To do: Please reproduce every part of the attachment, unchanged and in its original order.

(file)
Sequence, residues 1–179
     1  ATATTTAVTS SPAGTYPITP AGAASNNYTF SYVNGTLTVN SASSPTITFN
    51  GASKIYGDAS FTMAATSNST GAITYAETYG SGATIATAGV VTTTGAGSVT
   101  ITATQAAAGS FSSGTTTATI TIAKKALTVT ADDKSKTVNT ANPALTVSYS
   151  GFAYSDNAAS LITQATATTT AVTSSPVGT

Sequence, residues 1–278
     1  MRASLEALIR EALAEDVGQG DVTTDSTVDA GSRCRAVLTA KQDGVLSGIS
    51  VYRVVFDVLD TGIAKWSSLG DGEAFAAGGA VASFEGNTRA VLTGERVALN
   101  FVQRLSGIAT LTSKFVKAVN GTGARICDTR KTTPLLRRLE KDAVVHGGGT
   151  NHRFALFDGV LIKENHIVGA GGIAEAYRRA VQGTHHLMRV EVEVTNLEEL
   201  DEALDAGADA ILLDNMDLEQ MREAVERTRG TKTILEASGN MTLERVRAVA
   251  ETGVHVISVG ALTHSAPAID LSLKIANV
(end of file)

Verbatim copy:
Sequence, residues 1–179
     1  ATATTTAVTS SPAGTYPITP AGAASNNYTF SYVNGTLTVN SASSPTITFN
    51  GASKIYGDAS FTMAATSNST GAITYAETYG SGATIATAGV VTTTGAGSVT
   101  ITATQAAAGS FSSGTTTATI TIAKKALTVT ADDKSKTVNT ANPALTVSYS
   151  GFAYSDNAAS LITQATATTT AVTSSPVGT

Sequence, residues 1–278
     1  MRASLEALIR EALAEDVGQG DVTTDSTVDA GSRCRAVLTA KQDGVLSGIS
    51  VYRVVFDVLD TGIAKWSSLG DGEAFAAGGA VASFEGNTRA VLTGERVALN
   101  FVQRLSGIAT LTSKFVKAVN GTGARICDTR KTTPLLRRLE KDAVVHGGGT
   151  NHRFALFDGV LIKENHIVGA GGIAEAYRRA VQGTHHLMRV EVEVTNLEEL
   201  DEALDAGADA ILLDNMDLEQ MREAVERTRG TKTILEASGN MTLERVRAVA
   251  ETGVHVISVG ALTHSAPAID LSLKIANV